“One of the big reasons why I joined the team — other than the fact that it’s a super professional, really successful team — is that I really admire Danny’s [Danny Stam, SD Worx team manager] way of making the most out of a really strong team,” she says. “He often has a stacked roster but he manages to get the best out of all of his riders and everyone has an opportunity at some point. That was one of the big reasons why I signed.”

It would be natural for Moolman Pasio to take a few months to settle into the dynamics of a new squad, but while she has yet to see how she gels with her new teammates in a race, she is already feeling at home.

“I really had a super smooth transition to the new team,” she says. “I’ve been on two training camps in early January and then again in February and it felt like I’ve automatically just fit right into the team environment,” 

Under the wrong management, a team full of current and former national and world champions — each with their own chance of winning any given race — might breed internal competitiveness and turn sour. Stam, as Moolman Pasio points out, instead manages to create a supportive and collaborative environment that allows the team to dominate.

“We have a really nice vibe in the team,” she says. “I think all the different nationalities and different personalities actually come together really well so we have a really great team environment.” 

Of course, having the current double world champion, Anna van der Breggen, as a team mate must boost morale. “I really do respect and admire her as an athlete and a person. She’s a fierce competitor but she’s also just a really genuine, humble person,” says Moolman Pasio. “I’ve had the privilege of sharing a room with her in the first training camp and just getting to know her better.”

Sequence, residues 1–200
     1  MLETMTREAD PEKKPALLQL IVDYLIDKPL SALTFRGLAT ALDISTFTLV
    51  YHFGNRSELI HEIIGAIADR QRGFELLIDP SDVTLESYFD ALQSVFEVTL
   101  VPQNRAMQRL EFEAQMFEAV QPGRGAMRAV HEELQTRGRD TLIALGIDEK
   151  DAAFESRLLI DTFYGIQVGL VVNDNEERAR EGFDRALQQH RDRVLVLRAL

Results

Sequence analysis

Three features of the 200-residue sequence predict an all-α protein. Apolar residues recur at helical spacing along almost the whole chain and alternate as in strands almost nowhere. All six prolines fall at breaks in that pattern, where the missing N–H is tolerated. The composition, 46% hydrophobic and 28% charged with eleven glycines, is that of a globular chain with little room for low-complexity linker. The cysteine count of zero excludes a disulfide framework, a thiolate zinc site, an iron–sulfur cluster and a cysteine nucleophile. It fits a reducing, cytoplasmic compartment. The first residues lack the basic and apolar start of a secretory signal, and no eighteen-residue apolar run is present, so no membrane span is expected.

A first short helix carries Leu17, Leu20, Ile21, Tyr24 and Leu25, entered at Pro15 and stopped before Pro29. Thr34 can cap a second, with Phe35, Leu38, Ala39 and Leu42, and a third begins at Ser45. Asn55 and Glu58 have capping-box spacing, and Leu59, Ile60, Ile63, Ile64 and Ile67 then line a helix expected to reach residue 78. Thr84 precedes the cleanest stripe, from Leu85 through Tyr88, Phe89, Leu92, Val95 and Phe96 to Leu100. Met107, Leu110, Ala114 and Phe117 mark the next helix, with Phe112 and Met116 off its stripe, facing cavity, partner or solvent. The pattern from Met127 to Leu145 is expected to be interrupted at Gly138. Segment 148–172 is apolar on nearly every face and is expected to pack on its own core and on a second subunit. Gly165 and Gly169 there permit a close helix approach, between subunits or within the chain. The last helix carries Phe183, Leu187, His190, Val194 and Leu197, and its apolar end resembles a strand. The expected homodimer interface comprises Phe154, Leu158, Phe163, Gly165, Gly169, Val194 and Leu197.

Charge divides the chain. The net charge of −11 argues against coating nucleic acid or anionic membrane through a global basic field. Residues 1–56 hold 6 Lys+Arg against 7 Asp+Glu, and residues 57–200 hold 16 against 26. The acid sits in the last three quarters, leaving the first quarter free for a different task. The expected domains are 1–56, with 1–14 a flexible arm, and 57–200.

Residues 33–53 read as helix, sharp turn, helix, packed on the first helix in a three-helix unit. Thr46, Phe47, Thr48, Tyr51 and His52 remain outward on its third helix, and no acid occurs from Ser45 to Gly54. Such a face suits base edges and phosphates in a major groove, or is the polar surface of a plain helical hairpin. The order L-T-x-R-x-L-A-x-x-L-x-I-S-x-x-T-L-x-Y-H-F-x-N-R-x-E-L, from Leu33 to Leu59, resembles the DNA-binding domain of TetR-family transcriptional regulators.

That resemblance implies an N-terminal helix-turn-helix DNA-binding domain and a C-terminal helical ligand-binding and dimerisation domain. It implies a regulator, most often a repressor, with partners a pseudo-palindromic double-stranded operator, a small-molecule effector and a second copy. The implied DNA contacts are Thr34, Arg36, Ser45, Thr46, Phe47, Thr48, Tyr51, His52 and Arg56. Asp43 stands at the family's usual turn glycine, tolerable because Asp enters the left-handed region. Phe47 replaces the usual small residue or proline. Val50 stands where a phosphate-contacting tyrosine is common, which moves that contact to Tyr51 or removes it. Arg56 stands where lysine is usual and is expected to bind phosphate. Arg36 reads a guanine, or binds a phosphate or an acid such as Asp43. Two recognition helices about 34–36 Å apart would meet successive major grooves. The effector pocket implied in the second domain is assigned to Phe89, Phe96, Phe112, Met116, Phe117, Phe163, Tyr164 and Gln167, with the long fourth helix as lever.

According to Moolman Pasio, the reserved van der Breggen that comes across in post-race interviews belies her true nature. “She’s really bubbly and has got such a nice energy and in general is just a really nice person to be around,” she says.

The Dutch rider wasted no time in dispensing some constructive feedback to her new team mate, pointing out to Moolman Pasio where she had gone wrong in the past and could even have beaten her. “That’s really amazing, that someone of her calibre can share that kind of information so openly,” says Moolman Pasio. “And of course I believe it will be very valuable in terms of getting the best out of myself.” 

As for what her season looks like beyond Saturday’s race, Moolman Pasio’s ambitions square with the majority of her competitors. “As usual I will be targeting the Ardennes classics in particular so all of these races now are the races I’m using as preparation for that,” she says.

Image credit: Alex Whitehead/

“Then there’s quite a full race schedule in May but June will be a quiet month for me on the racing front, so that would be used as preparation for the Olympics and the Giro. I see them coming as one peak.” 

Despite the 10-day Italian race being demoted from the WorldTour it still poses an attractive challenge for the peloton which many are viewing as a form-finder for Tokyo. “The Giro will be a preparation race for me for the Olympics,” says Moolman Pasio. “But it’s still a target because I believe that I can have good form or at least ride into form at the Giro and then carry that form to the Olympic games.” 

As for the latter part of the season: “We’ll have to see how taxing the Olympics and the beginning part of the year has been,” she says. “But of course I’m quite excited for the world championships in Flanders. I think it’s going to be super special and I think it's going to be a pretty hard race so that would also be a target for me.” 

With the confidence that having her SD Worx team behind her brings, and the myriad opportunities it looks likely to present, maybe 2021 will be the year that Moolman Pasio turns her luck around and takes to the top step of a podium, either in the WorldTour or on the world stage.

Title image: Ashleigh in her previous life at CCC-Liv (Photo Credit: Oriol Batista)